Cloud storage future shown by current limitations. Chapter 96: Ctera

I’ve written recently that despite relatively low enterprise take-up of cloud storage – due to concerns over bandwidth, availability, security, compliance, data portability etc – vendors big and not so big are making moves into cloud storage; usually hybrid cloud storage, and always limited by the current capabilities of the cloud.

That’s because cloud storage is not fully ready, for all the above reasons, for mission-critical enterprise use.

A vendor whose work in the space illustrates this is CTERA, which finds a way to exploit the currently-usable facets of the cloud to provide branch office storage and backup plus file sync and share for mobile users.

Sure, neither of these represent a full-blow enterprise storage use of cloud storage, but are an adaptation what the cloud offers at present.

CTERA’s offer centres on CTERA Portal, a platform that allows users to connect to private and public cloud services with linkages to cloud storage environments from the key vendors.

With CTERA Portal customers can deliver, for example, storage and backup services to remote office users via an on-premises NAS appliance, and file and sync services for mobile users via a software agent on the endpoint device.

The appliance offers local disk capacity in what CTERA marketing VP Rani Osnat calls “disk-to-disk-to-cloud”, AKA hybrid cloud, and does so with source and global deduplication.

The company’s offerings allow enterprises to deliver remote office and/or mobile device data protection or they can be used by service providers to deliver to customers.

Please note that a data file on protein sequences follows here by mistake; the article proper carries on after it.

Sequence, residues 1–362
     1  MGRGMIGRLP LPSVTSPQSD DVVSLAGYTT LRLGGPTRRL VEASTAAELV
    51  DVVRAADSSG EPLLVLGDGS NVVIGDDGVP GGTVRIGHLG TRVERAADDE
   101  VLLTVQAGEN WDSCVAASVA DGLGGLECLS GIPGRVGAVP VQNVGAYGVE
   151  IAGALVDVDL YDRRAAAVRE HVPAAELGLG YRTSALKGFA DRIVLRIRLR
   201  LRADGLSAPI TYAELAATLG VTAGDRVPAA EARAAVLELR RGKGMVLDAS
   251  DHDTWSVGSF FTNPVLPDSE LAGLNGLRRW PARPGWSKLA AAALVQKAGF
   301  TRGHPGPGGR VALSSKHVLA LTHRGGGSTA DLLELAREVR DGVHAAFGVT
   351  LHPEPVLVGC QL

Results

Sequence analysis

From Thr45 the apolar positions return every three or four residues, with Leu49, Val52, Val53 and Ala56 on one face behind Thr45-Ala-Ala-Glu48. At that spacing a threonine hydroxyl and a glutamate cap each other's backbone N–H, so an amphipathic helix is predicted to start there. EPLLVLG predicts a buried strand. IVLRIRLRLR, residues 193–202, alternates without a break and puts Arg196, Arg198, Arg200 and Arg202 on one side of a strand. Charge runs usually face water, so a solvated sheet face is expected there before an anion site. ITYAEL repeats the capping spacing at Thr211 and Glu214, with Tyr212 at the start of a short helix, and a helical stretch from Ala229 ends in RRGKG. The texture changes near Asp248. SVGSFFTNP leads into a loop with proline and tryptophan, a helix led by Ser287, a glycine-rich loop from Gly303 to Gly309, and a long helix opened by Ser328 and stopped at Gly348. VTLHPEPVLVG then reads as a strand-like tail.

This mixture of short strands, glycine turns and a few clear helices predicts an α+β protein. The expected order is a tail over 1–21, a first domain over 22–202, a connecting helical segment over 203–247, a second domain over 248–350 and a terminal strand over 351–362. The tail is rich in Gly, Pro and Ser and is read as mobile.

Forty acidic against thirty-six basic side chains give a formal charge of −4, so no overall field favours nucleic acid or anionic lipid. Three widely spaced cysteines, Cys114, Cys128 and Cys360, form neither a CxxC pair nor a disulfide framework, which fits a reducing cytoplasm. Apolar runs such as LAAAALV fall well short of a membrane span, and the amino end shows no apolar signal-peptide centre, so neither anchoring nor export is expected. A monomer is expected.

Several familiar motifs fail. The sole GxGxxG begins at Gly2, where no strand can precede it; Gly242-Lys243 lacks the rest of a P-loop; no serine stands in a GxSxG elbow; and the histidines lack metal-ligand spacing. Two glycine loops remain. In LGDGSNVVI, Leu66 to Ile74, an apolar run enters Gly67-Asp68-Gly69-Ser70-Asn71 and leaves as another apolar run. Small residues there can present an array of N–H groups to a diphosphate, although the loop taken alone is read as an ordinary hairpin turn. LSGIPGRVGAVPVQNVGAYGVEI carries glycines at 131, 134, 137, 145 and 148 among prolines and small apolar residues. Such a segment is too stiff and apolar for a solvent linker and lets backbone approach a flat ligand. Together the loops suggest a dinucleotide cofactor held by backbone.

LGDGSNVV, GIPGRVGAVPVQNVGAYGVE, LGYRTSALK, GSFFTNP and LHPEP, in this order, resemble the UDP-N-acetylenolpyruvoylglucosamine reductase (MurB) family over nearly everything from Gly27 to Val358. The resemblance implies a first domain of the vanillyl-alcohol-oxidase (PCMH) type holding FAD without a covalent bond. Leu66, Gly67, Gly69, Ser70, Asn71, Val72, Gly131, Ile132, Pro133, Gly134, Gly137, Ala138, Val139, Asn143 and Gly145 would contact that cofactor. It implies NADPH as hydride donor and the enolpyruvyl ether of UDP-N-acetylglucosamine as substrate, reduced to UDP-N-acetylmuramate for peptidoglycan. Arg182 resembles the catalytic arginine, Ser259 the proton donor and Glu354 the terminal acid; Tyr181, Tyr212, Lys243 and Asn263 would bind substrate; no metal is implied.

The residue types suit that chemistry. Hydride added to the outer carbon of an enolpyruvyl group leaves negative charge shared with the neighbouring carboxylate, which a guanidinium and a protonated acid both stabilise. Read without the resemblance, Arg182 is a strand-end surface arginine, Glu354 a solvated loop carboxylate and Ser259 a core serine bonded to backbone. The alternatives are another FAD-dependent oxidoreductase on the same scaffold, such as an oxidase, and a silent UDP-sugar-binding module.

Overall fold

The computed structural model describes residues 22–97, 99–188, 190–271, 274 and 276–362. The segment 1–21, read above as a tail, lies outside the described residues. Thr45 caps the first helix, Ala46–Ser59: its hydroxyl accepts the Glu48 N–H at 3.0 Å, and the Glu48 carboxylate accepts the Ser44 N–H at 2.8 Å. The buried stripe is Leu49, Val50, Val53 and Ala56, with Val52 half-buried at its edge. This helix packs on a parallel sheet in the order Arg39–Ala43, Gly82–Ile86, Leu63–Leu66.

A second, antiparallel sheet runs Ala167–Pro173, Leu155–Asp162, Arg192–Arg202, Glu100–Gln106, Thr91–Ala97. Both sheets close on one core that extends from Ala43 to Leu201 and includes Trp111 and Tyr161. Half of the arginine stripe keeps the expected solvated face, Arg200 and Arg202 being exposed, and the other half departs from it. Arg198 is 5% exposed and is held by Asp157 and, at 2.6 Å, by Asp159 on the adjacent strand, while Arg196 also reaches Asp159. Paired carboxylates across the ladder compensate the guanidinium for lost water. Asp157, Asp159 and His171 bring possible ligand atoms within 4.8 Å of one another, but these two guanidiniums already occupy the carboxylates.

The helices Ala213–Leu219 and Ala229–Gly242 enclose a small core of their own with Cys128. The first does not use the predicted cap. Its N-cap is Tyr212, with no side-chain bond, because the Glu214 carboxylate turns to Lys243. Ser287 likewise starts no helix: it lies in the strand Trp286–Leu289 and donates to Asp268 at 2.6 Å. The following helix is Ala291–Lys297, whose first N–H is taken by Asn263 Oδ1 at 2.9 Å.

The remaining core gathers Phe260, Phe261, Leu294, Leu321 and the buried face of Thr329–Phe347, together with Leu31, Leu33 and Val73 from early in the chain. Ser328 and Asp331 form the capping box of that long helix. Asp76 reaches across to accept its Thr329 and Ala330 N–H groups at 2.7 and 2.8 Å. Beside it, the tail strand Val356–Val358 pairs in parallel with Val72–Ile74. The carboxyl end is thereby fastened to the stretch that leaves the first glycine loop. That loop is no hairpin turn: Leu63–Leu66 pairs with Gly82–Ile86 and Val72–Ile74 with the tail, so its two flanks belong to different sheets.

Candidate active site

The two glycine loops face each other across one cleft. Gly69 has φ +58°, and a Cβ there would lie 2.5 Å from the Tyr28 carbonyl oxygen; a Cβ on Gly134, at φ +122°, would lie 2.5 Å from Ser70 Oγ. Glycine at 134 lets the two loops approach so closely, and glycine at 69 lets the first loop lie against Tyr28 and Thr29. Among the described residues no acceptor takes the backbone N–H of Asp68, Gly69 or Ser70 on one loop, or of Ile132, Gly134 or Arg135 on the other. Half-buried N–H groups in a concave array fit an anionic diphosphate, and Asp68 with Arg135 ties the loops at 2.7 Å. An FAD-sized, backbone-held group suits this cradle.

What is significant about them? It’s another case where an enterprising business has spotted opportunities to exploit the cloud for storage, whilst at the same time recognising its limitations.

CTERA doesn’t offer enterprise-class primary storage in the cloud. It can’t. The cloud can’t provide that – yet. Instead, it allows businesses to exploit cloud storage for the likes of backup and file sync and share.

In the case of its backup appliances, they are hybrid cloud. They have to be because you must stage to disk locally if you can’t guarantee throughput across public networks. Mobile sync and share, meanwhile, deals in small volumes of data that are not time critical and dependent on LAN-like levels of connectivity.

So, for now we have numerous vendors exploiting the opportunities and limitations of cloud storage. It’s an interesting space to watch and will be increasingly so as the boundaries of possibility change over time.

One day we may see the likes of CTERA – not to mention EMC and NetApp – bringing products that can truly offer primary data-capable enterprise cloud storage services to market.

But that will then raise the question: If the cloud becomes feasible as a tier 1 storage location, what will become of the existing set of vendors, tied as they are to a world of on-premises arrays?